Deutsche Bank co-Chief Executive Jürgen Fitschen and four other former board members, including ex-chief executives Josef Ackermann and Rolf Breuer, were acquitted Monday of collusion in a case stemming from the 2002 bankruptcy of an entertainment firm, Kirch Media.
The acquittal by a court in Munich was expected after the judge, Peter Noll, said earlier this month he believed that prosecutors had failed to prove that the bankers had conspired to lie in a previous civil trial about their alleged involvement in Kirch Media’s bankruptcy.
“The alleged crimes have not been confirmed,” said Mr. Noll, adding that in light of the accusations it was justified that the investigations and court case had taken place.
Before the judge made his ruling, Mr. Ackermann, credited with building Deutsche Bank’s investment banking arm, said in court prosecutors had pursued an “incorrect view, led by insinuations and speculations.”
In 2002, Mr. Breuer, then Deutsche Bank's CEO, cast doubt on the creditworthiness of Kirch Media group, Shortly after, the company went bankrupt.
The acquittal is a small relief for Germany’s biggest bank, which has suffered amid inconsistent earnings and high legal costs in the aftermath of the global financial crisis, often brought on by misdeeds at its investment banking arm.
The bank’s shares extended their losses after the ruling, and were down 3.2 percent at €16.25 by 11.25 a.m. in Frankfurt.
The bank’s shares have plunged 40 percent in the past six months and are foundering ahead of its May annual shareholders meeting, where top managers are on the defensive amid signs of a growing shareholder uprising. Co-CEO Anshu Jain resigned last June and John Cryan, a British banker from UBS, will take over as sole chief executive when Mr. Fitschen resigns next month.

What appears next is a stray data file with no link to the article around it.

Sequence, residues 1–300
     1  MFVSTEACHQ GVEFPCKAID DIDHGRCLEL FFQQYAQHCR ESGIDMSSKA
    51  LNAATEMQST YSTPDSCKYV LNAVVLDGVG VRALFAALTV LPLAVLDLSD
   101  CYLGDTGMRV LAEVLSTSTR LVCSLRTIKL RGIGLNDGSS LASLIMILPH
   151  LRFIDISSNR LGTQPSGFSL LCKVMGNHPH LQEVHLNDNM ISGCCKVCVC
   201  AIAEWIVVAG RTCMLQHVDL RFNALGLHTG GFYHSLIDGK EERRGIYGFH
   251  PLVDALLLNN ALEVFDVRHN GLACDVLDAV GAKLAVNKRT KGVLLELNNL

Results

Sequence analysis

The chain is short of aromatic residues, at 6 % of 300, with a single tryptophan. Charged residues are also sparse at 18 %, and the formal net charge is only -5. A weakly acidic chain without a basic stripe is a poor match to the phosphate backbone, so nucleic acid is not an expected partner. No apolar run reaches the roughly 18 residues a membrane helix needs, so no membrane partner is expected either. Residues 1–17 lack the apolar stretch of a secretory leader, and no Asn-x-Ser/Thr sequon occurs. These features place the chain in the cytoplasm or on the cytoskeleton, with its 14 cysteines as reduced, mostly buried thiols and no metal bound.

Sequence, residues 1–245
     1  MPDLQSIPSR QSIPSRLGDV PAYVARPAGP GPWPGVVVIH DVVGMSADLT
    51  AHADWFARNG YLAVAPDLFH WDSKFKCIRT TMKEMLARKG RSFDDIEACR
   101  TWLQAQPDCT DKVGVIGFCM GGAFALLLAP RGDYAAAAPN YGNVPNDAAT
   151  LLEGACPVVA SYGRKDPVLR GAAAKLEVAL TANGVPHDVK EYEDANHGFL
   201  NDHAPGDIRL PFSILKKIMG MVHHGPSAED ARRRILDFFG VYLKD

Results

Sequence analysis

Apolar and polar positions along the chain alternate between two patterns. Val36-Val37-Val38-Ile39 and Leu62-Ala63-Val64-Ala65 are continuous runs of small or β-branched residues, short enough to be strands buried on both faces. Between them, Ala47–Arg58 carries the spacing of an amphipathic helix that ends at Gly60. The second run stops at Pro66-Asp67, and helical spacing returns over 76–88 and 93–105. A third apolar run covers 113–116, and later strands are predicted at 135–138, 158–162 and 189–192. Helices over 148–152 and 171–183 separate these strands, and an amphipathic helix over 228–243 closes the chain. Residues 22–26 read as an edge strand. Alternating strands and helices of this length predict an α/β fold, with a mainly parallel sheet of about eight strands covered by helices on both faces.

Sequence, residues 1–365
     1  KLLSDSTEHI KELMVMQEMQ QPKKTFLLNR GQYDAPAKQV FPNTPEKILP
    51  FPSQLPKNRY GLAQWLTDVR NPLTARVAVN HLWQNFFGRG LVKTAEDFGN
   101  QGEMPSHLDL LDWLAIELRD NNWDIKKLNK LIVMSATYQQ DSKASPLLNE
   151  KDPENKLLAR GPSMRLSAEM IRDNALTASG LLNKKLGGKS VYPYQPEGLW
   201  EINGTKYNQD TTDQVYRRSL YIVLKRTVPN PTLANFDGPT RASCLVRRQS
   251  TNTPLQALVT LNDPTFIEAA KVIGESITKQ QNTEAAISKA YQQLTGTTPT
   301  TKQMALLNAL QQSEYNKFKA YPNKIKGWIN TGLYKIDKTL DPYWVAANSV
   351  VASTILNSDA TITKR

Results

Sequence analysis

In January, the bank shocked shareholders with a record 2015 loss of €6.8 billion, the largest in Deutsche Bank’s 146-year history. The bank paid $2.5 billion in U.S. and British fines to settle an investigation into interest rate manipulation.
For Germany’s prosecutors, the acquittal is the second setback within two months’ time. Last month, a Stuttgart court cleared former Porsche Chief Executive Wendelin Wiedeking and his former chief financial officer, Holger Härter, from manipulating VW’s share price during a failed takeover attempt.
Mr. Fitschen and his former colleagues, aged 67 to 78, were accused of deceiving a court examining Deutsche Bank’s role in bankruptcy of Kirch Media, a Deutsche Bank client that had built a German entertainment empire around a pay-cable TV business and sports licensing. The firm was forced to file for bankruptcy in 2002 with €6.5 billion, or $7.3 billion in debts.
In an interview shortly before the bankruptcy filing, Mr. Breuer, then Deutsche Bank’s CEO, cast doubt on the creditworthiness of the Kirch group, which at the time owned television broadcaster ProSiebenSat.1. Shortly after the interview, Kirch Media filed for bankruptcy and Leo Kirch, its founder, sued Deutsche Bank, alleging the bank intentionally drove his company into insolvency.
The bank, through its lawyers, has consistently denied that Mr. Breuer and the other bankers intended to drive Kirch Media into bankruptcy. Deutsche Bank in 2014 agreed to pay Mr. Kirch’s heirs €925 million, or $1 billion, to settle the civil trial, without admitting guilt.
Deutsche Bank, in an effort to recoup some of those costs, reached an agreement earlier this year with Mr. Breuer under which he would pay the bank €3.2 million, or $3.6 million.
Prosecutors in Munich had brought criminal charges against the bankers following the settlement, alleging that they had conspired among themselves to hide their complicity in the Kirch bankruptcy during the civil trial.
The prosecutors office had not yet decided whether it would appeal Monday’s ruling at Germany’s highest court, the Federal Court of Justice in Karlsruhe, a spokesman said.
Kerstin Leitel covers banks and insurance companies for Handelsblatt. Gilbert Kreijger, an editor with Handelsblatt Global Edition in Berlin, contributed to this article. To contact the author: firstname.lastname@example.org